Beliefs and assumptions

The internet is a vast source of information in every field, and veterinary medicine is no exception. Unfortunately, however, people can publish whatever enters their head and the information provided on many websites lacks any scientific basis. As a result, a number of misconceptions with regard to dog food have gained currency and need to be strongly refuted.

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True or false?

Dogs should fast once a week

This is false. Wild canids do fast, but this has nothing to do with “good habits”. There is no justification whatsoever for not feeding a dog every single day of the week.

Dogs work better when they haven’t eaten

This is false, but is a stubborn misconception in some fields. If the dog is expected to perform an activity that requires endurance, such as hunting or a sled race, it should preferably be given a light meal (a quarter to a third of its daily ration) around three hours before it starts. Putting a dog to work that has not eaten for a long time will not only result in it performing poorly, it will also put it at risk of physical suffering, which could have dangerous consequences.

If it’s good enough for me, it’s good enough for my dog

This is just as false as the opposite! Dogs are carnivores, though not exclusively so, whereas humans are omnivores, which means that their metabolism is different. Unlike humans, dogs have no real need of carbohydrate, although they can use it as a source of energy. They are also less able to tolerate high sugar foods. The regular ingestion of simple sugars will cause metabolic changes that can result in obesity or diabetes. Similarly, although a recognised anti-depressant in humans, chocolate is highly toxic to dogs. The two species also have very different requirements in terms of minerals and vitamins. Puppies, for example, require much less vitamin D than children, who require four times as much. All of this is clear evidence that dogs need food specially formulated for them if they are to live a long and healthy life.

Dogs are like us: they get bored of the same food day after day

This is false. This is anthropomorphism pure and simple. Dogs naturally have a very poorly developed sense of taste. Owners that introduce their dog to lots of different foods are creating difficulties. Food and feeding are key to the hierarchical status of the dog within the family, so behavioural problems are bound to follow. Regularly changing the food can also be detrimental to the dog’s health. The dog’s digestive system (enzymes, bacterial flora) needs about a week to adapt to a new food. Frequent or sudden changes of food in terms of the brand or the ingredients will result in impaired digestion, causing digestive problems (vomiting, flatulence, diarrhoea), which may require veterinary treatment.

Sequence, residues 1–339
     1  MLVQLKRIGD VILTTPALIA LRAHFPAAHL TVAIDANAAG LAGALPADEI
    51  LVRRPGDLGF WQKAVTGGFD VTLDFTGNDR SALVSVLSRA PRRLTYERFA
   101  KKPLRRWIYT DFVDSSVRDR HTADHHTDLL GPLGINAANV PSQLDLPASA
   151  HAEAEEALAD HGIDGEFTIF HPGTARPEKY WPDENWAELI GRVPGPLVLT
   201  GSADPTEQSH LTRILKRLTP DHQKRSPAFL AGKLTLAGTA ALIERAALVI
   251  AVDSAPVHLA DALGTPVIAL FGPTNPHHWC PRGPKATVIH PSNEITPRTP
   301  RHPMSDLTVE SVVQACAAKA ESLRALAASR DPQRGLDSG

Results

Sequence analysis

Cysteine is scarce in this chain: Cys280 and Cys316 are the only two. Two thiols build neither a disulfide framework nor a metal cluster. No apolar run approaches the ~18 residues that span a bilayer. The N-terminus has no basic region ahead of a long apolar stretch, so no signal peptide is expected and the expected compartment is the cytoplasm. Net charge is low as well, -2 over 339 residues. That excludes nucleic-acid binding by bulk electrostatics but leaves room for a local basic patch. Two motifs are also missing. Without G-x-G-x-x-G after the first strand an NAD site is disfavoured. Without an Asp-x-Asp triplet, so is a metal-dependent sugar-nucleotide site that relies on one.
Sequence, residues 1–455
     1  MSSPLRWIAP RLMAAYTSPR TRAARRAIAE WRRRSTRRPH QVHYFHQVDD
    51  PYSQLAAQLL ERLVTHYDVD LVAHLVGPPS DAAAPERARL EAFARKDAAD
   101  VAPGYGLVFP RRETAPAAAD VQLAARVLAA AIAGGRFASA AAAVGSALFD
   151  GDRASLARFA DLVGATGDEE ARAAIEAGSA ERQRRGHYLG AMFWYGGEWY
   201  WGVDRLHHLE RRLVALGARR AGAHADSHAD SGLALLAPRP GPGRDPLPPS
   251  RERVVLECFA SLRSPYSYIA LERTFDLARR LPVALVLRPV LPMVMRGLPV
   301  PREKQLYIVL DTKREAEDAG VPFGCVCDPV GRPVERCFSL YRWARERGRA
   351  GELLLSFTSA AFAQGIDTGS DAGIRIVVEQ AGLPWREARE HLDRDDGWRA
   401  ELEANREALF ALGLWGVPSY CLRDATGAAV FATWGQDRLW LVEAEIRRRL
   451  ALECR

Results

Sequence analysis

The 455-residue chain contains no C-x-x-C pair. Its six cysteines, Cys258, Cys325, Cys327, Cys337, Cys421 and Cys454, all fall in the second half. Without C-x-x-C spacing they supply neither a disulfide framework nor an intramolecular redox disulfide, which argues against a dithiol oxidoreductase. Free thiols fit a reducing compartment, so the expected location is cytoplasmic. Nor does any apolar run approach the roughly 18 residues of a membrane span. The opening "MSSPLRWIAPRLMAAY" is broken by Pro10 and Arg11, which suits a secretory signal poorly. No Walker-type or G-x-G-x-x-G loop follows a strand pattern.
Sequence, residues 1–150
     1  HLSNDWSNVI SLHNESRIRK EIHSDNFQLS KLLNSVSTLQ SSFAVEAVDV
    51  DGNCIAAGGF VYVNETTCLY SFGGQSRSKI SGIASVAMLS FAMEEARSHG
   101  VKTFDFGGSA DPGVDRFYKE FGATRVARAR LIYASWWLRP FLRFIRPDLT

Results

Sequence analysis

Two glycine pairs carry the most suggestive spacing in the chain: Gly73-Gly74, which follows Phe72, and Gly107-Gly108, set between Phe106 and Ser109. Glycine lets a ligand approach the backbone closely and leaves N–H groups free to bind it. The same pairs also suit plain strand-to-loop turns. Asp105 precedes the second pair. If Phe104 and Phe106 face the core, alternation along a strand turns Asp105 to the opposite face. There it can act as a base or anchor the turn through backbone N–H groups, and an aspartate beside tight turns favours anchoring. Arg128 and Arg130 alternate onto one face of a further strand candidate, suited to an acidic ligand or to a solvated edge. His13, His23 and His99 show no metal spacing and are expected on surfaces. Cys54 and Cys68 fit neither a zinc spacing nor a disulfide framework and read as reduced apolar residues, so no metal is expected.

Meat needs to be added to complete foods

This is false. As the name suggests, complete foods are formulated to fulfil all the dog’s nutritional needs. The proteins used in these foods come from the human food industry and are of a high quality. As a general rule, 10% of the dog’s energy requirement can be provided in the form of treats and rewards (dog biscuits, chews). Anything over and above this will result in an imbalanced diet, which presents health risks.

Too much protein will cause kidney failure

This is false. Studies on rats showing that a long-term high protein intake results in chronic kidney failure have long been improperly extrapolated to dogs. There have been many studies in France since 1975 (by Paquin and Pibot in association with the National Veterinary College Alfort and Royal Canin, published in 1979 and 1986) and in the United States over the past twenty years (e.g. Churchill, published in 1997) showing that this is completely wrong. The severe restriction of protein intake from an early age, as advocated in some quarters, actually harms the puppy’s immune system, undermining its health.

Calcium needs to be added to straighten the ears


This is false. The ears of breeds with prick ears, such as German Shepherds and Malinois, will often become less firm between four to six months around the time their milk teeth are replaced with permanent teeth. There is a stubborn misconception that calcium – often as part of a cocktail of vitamins – needs to be added to the diet to straighten the ears again. When the ears straighten after a couple of weeks, the owner concludes that this supplementation has had the desired effect. In fact, it is a physiological impossibility for calcium to straighten the ears in this way, given that ears are made up not of bone but of cartilage, which does not calcify.


The uncontrolled supplementation of minerals and vitamins in puppies, especially in large breeds, constitutes a great risk


The uncontrolled supplementation of minerals and vitamins in puppies, especially in large breeds, constitutes a great risk as explained above. There is no way of straightening the ears via dietary intake. The ears actually become less firm when the body is at peak growth and its nutritional requirement is at its greatest.

All nutrients have the potential to cause harm, which is why it is so important to always abide by the nutritional requirements, adapted to the size and breed of the dog in question. Nowadays, owners have access to many complete foods that are perfectly balanced and adapted to the requirements of their dog.

© Diffomédia/Royal Canin
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